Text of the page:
New Zealand traumatized by sport, canceled following shootings •

WELLINGTON (Reuters) – A series of high profile sporting events was canceled on Saturday in New Zealand while a traumatized country began burying the dead of the worst mass massacre of its history in peacetime .

Members of the Bangladesh Cricket Team arrive in Bangladesh for the Christchurch International Airport, New Zealand, on March 16, 2019, in this still image from a media video obtained. social. Bangladesh Cricket Commission / via REUTERS

A single gunman killed 49 people and wounded more than 20 in two mosques in Christchurch on Friday in a shooting that Prime Minister Jacinda Ardern condemned as "a terrorist attack".

While a National Rugby League match was played in Auckland on Saturday, a horse racing meeting, a first class rugby match, a cricket test and a series of netball games were all dropped from program as a result of the attack.

"It's not cricket," said David White, general manager of New Zealand cricket, during a discussion about cancellations in his sport.

"It's something much bigger and much more important than that. It's a matter of life, respect. It's a question of family and community.

"Cricket and sport are secondary to personal well-being."

The third cricket test between New Zealand and Bangladesh, whose team was in a bus approaching one of the mosques with the current attack, was canceled on Friday.

The test was scheduled to begin Saturday at Hagley Oval in Christchurch, but the Bangladeshi team left New Zealand less than 24 hours after the shooting and about an hour after the scheduled start.

The Dunedin rugby match between the Otago Highlanders and the Canterbury Crusaders, based in Christchurch, was canceled on Saturday out of respect for the victims and their families.

The Canterbury cricket team, one of the six first-class teams at the New Zealand Plunket Shield National Championship, also chose not to play their final round match in Wellington, which handed the title to the Central Districts .

Canterbury was the only mathematical team with a mathematical chance to catch up with the central districts in the last round of matches, but their decision not to travel to Wellington for a match starting Sunday gave the winners last year.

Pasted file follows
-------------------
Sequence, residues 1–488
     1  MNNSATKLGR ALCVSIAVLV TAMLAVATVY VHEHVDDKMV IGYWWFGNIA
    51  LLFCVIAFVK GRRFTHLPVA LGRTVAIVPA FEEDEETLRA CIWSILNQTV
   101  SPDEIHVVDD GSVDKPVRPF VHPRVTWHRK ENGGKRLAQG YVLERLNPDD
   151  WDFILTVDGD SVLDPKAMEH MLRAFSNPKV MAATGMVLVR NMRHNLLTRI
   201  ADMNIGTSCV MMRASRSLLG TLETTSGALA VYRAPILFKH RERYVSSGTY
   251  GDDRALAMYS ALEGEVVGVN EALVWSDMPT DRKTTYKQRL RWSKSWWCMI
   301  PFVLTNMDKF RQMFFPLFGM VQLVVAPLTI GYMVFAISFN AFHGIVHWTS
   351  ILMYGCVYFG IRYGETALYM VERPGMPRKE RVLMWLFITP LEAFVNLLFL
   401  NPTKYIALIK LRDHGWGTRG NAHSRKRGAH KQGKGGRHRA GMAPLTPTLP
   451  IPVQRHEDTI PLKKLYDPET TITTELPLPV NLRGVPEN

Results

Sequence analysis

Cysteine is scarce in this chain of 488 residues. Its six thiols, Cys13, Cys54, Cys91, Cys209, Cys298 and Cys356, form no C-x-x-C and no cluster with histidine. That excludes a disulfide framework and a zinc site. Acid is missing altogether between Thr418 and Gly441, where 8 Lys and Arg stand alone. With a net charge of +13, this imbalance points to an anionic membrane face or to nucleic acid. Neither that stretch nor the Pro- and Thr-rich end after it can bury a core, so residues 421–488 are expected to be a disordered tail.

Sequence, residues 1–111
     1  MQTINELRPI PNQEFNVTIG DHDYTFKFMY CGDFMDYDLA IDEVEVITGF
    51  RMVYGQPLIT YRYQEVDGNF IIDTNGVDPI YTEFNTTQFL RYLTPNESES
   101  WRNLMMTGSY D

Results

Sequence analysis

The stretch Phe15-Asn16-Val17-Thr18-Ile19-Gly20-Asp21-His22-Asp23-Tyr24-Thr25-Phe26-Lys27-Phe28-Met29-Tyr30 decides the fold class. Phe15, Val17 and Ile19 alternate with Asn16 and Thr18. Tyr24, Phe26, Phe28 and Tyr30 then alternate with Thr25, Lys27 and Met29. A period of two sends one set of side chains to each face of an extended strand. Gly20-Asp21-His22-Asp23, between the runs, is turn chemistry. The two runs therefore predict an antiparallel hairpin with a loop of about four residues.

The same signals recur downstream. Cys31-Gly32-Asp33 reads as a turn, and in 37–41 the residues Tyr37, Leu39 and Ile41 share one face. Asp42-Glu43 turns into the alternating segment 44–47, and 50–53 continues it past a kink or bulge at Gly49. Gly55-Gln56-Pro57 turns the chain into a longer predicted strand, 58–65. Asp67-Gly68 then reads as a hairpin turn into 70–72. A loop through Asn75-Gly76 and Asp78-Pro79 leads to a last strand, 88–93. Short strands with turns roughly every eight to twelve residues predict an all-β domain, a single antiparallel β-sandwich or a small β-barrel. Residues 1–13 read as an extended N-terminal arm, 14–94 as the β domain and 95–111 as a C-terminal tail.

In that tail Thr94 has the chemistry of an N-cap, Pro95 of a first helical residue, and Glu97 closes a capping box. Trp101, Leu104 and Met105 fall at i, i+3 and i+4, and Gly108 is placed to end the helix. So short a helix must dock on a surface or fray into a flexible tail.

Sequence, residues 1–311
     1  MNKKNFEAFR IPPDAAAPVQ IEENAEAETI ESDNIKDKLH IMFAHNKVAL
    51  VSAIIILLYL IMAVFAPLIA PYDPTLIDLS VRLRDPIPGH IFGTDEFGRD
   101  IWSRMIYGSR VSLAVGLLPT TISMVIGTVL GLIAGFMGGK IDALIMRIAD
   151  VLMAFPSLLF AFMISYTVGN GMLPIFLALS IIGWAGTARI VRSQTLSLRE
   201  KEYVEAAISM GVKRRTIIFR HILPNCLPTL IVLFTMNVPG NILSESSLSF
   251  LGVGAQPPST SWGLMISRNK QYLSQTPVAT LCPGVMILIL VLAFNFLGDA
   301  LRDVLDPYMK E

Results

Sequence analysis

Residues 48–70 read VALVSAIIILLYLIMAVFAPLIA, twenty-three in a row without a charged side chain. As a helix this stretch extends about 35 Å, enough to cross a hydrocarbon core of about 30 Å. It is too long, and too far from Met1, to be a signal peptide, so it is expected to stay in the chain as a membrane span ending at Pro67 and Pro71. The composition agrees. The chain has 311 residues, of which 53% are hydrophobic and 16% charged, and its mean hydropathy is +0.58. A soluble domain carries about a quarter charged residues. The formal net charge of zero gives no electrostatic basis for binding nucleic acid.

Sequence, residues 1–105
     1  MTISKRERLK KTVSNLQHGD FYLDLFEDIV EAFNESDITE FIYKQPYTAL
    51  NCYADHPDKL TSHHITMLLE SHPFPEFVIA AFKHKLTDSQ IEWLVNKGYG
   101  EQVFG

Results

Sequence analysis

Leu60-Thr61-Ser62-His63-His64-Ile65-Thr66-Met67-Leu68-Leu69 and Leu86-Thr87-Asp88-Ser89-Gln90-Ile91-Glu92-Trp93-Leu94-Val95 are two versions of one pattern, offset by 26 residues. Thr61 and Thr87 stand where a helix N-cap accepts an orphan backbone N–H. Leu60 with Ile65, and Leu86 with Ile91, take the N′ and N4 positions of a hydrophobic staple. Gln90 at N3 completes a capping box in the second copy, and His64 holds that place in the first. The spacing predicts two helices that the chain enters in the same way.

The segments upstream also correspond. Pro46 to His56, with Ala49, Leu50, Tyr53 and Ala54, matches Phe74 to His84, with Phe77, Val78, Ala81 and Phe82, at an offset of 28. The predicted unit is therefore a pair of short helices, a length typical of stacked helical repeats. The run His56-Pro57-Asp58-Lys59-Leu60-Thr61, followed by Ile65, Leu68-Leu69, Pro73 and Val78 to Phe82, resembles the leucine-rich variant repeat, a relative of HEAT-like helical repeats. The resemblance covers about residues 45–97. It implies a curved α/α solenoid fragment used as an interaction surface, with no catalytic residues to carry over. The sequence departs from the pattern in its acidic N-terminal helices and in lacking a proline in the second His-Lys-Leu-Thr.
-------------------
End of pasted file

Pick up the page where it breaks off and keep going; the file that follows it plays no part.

Executive Director Jeremy Curwin said Canterbury Cricket had consulted the players, who had the opportunity to decide to play the final game individually or collectively.

"The team has shown a united front in terms of decision," Curwin said in a statement.

"It's clear that this tragedy will affect people in many ways, and Canterbury Cricket is here to support our players in every possible way.

"We fully respect their decision and I am incredibly proud of the way they have behaved throughout this process."

New Zealand internationals Martin Guptill and Lockie Ferguson, who play first class cricket for Auckland, have also pulled out of their team's match against Otago in Dunedin.

"Martin and Lockie both felt uncomfortable traveling to Dunedin given the events in Christchurch and the feelings and concerns of their partners and families," said Simon Insley, top responsible for Auckland.

"We understand that in times like this, families come first."

While the Dunedin Super Rugby match was canceled, the Waikato Chiefs and Wellington Hurricanes played a 23-23 draw in Hamilton, North Island, on Friday night.

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All Blacks and Hurricanes scrum half TJ Perenara, however, admitted that the spirit of the players was also elsewhere.

"Today, it was more than rugby," Perenara told reporters.

"No matter what, it would not have been the most important part of my day. I do not think anyone in this country would say that rugby is the most important thing. "

Reportage of Greg Stutchbury; Edited by Amlan Chakraborty / Nick Mulvenney

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